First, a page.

Harpoon Fishing: Big Action with No Bycatch
In commercial fishing, the need to balance the expense of business ownership can mean that gear is designed to capture as much fish as possible in the least amount of time. Much of the commercial fishing gear out there today is designed to catch any fish that gets in the way. In other words, bycatch. What’s bycatch? Undesirable fish that’s swept up in nets or captured on hooks, and tossed aside to live or to die. Bycatch can have a hugely negative impact on ecosystems and results in a lot of waste.
Avoiding bycatch isn’t always easy, both on a large commercial scale or even for small scale operations. But there’s one simple way to avoid bycatch that’s not only ecologically sound, but also pretty awesome. We’re talking about harpoon fishing. Harpoons were probably used for fishing long before hooks and rods made the scene. While harpoons are mainly associated with whaling, the fact is that this tool has ancient origins and was likely one of the first types of tackle.
Harpoon fishing today has certainly evolved, however. Instead of antler tips on wooden shafts, there are metal harpoons hooked up to electrified lines that can instantly kill a harpooned fish. Though the harpoon has somewhat of a negative image in many people’s minds because of its association with the whaling trade, the fact is that modern harpoon rigs can actually be more humane than other forms of fishing.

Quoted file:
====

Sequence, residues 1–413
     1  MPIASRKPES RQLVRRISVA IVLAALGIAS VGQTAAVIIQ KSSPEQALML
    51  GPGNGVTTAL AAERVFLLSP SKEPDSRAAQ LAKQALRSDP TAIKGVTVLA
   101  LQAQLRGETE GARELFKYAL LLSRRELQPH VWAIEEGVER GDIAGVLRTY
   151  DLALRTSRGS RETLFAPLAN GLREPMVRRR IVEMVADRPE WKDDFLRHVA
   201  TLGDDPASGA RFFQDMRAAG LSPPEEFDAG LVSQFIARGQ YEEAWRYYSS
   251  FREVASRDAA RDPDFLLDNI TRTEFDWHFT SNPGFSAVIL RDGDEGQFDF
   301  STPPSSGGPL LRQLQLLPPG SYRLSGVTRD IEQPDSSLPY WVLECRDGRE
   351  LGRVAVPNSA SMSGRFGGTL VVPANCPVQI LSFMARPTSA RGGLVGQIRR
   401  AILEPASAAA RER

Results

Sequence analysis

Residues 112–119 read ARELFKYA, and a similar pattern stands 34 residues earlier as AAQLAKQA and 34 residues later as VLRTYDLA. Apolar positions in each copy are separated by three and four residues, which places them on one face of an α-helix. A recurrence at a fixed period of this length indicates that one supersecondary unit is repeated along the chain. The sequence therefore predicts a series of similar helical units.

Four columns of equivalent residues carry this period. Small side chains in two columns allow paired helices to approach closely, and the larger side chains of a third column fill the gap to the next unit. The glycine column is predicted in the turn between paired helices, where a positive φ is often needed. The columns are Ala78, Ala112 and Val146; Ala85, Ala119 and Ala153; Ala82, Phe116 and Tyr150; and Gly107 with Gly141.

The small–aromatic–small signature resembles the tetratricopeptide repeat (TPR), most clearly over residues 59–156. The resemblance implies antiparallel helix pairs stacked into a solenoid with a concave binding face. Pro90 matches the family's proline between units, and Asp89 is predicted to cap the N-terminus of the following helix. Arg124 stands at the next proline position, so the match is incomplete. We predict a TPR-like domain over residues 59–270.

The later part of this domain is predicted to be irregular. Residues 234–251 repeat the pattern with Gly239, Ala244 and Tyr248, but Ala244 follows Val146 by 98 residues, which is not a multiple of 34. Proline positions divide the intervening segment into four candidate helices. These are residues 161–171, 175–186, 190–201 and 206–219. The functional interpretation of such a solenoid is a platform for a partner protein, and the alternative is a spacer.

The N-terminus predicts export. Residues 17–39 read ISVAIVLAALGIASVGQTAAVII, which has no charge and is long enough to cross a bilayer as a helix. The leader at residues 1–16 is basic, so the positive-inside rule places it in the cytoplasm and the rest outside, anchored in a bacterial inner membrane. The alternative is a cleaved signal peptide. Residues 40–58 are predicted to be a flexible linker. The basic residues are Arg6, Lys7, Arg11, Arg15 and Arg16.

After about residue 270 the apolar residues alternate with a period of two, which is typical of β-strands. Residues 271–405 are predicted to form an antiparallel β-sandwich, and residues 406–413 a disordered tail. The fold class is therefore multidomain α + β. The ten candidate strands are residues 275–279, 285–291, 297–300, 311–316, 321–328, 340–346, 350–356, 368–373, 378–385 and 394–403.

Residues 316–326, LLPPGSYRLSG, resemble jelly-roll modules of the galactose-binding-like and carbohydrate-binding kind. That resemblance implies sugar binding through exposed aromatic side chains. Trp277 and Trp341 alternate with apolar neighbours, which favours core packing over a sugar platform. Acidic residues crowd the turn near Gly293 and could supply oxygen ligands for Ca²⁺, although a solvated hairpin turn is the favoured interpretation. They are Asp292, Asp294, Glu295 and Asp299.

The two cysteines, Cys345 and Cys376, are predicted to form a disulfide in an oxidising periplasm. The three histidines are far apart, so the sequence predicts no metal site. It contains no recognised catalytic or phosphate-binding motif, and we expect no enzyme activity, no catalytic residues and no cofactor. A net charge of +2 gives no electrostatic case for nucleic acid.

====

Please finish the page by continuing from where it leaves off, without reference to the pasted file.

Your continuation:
But the main appeal of harpoon fishing, as we see it, is the excitement of the catch. Standing out on the long gangway off the bow or sighting giant tuna and swordfish from the height of the crow’s nest… running out onto the bowsprit with harpoon in hand… driving that harpoon home. It’s a method of fishing that pits man against fish. Harpoon fishing is certainly a matter of skill more so than patience; it requires a keen eye, a strong arm, and an understanding of animal behavior that is akin to that required by the hunters of prehistory.
As for harpoon use in commercial fishing, you may be asking yourself how the men and women who specialize in harpoon fishing can possibly make a living. Here’s how: Many people regard quick-killed harpoon caught fish as a higher quality product and a more humane product, so the fish brought in via the harpoon tend to fetch a higher price than fish who lived out their final moments floundering in a net or struggling against a hook.